distracted, or is not motivated to pay careful attention to another person
Social Categorization
People frequently take the easy path of categorizing others to avoid expending the
cognitive effort that would be necessary for a more accurate impression
People categorize those who are similar to them as members of their ingroup (“us”) and
those who are dissimilar to them as in the outgroup (“them”)
People usually have less favorable attitudes toward outgroup members than ingroup
Individuals usually see outgroup members as being much more alike than they really
are, whereas they see members of their ingroup as unique individuals
o Known as the outgroup homogeneity effect
Categorizing heightens the visibility of outgroup members when there are only a few of
them within a larger group
People are even likely to see outgroup members as looking more like eachother then
they actually do
o The exception ot this rule is when outgroup members are angry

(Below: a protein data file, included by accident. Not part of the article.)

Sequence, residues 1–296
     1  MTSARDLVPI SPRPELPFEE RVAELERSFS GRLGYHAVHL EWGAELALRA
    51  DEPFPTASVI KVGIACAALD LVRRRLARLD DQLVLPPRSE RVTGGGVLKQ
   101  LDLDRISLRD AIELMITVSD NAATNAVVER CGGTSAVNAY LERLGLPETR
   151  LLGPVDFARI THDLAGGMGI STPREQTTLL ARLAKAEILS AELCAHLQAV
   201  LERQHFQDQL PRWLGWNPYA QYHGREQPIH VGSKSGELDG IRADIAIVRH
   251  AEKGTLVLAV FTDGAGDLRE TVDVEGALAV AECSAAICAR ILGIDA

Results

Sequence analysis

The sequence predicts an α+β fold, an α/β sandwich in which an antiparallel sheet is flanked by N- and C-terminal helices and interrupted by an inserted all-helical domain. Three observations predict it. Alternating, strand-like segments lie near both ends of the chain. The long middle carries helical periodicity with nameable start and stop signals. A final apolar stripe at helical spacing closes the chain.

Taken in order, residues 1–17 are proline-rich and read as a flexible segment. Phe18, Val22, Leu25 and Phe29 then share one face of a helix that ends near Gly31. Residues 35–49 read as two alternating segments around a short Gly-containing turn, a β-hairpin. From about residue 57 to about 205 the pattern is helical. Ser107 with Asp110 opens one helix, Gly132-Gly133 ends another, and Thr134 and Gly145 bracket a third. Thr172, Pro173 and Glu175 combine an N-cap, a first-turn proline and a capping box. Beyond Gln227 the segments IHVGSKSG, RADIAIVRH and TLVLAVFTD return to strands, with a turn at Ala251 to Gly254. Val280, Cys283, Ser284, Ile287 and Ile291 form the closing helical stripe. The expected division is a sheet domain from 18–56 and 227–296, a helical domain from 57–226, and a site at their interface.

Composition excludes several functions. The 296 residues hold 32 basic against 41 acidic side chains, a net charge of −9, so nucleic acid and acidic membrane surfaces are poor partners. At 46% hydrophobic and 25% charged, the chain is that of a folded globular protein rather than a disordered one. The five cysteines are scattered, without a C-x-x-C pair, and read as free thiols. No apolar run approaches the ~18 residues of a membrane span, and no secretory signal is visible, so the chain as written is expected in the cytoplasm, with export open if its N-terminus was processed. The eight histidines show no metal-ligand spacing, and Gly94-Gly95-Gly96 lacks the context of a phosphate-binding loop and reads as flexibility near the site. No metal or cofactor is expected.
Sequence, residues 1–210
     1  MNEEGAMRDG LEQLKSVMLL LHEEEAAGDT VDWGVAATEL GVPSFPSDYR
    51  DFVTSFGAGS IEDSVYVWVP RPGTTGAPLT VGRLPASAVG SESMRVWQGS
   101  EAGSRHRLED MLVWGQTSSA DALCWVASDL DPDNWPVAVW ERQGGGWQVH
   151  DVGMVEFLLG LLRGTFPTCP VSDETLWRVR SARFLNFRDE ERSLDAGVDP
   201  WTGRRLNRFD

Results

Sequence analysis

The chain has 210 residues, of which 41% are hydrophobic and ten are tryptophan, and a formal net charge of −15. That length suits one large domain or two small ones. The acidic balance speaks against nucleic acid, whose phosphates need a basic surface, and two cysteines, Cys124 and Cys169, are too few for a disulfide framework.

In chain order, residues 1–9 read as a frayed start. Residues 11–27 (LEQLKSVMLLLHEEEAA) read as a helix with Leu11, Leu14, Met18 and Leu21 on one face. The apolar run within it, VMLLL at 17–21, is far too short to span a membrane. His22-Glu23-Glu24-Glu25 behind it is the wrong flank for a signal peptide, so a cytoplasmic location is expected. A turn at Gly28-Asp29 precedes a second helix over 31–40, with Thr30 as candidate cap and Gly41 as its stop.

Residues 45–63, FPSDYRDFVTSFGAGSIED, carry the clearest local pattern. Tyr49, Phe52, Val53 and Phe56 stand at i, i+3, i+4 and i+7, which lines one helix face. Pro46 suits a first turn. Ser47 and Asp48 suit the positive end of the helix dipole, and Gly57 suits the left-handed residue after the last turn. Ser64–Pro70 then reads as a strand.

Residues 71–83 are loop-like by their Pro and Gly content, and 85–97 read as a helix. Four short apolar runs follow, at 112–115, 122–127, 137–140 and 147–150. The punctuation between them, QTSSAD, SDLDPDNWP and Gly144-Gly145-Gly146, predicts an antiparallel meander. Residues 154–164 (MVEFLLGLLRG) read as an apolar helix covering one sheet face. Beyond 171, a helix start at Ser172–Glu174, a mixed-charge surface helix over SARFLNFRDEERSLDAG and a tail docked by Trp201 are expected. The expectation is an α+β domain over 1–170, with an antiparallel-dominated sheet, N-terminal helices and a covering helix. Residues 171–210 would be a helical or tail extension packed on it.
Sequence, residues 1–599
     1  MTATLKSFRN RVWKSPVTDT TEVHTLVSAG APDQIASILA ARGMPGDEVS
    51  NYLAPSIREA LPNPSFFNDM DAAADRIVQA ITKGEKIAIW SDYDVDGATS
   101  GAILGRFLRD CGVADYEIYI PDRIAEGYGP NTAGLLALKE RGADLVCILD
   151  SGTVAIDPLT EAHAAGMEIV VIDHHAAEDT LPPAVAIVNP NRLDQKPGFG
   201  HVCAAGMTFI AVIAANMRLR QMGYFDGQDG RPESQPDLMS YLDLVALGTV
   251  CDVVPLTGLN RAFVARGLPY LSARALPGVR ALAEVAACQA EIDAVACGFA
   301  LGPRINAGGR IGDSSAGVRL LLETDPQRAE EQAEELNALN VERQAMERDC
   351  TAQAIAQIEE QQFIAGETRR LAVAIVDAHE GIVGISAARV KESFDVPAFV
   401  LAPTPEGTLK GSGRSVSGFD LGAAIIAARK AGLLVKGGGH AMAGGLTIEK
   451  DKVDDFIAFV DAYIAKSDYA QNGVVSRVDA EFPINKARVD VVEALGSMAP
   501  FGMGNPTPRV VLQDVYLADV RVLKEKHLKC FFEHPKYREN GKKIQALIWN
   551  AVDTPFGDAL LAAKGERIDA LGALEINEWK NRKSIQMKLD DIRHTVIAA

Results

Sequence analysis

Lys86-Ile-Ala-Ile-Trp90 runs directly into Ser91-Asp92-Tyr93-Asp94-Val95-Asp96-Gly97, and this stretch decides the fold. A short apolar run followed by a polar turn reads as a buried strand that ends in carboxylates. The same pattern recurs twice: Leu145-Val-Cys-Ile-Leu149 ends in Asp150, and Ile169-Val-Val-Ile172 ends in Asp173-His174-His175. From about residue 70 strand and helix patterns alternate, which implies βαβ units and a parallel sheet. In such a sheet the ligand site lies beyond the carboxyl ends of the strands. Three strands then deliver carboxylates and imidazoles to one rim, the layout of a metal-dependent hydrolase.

o Angry outgroup members are much easier to identify than angry ingroup
members, a result suggesting that the human mind carefully tracks strangers
who may pose a threat
Stereotypes are widely held beliefs that people have certain characteristics because of
their membership in a particular group
Instead of adjusting or broadening our stereotype, we are likely to categorize exceptions
as a misfit or subtype
o Subtypes are categories people rely on for understanding people who do not fit
their general stereotypes
The most prevalent stereotypes in America are those based on gender, age, and
o Gender stereotypes, although in transition, remain pervasive
Physically attractive people are believed to have desirable personality traits
o This widespread stereotype is termed the “what-is-beautiful-is-good” stereotype
o Attractive people do have an advantage in the social arena
o They are not any different from others in intelligence, happiness, mental health,
or self-esteem
Highly attractive people end up with one another
o We are likely to date those who match our own level of attractiveness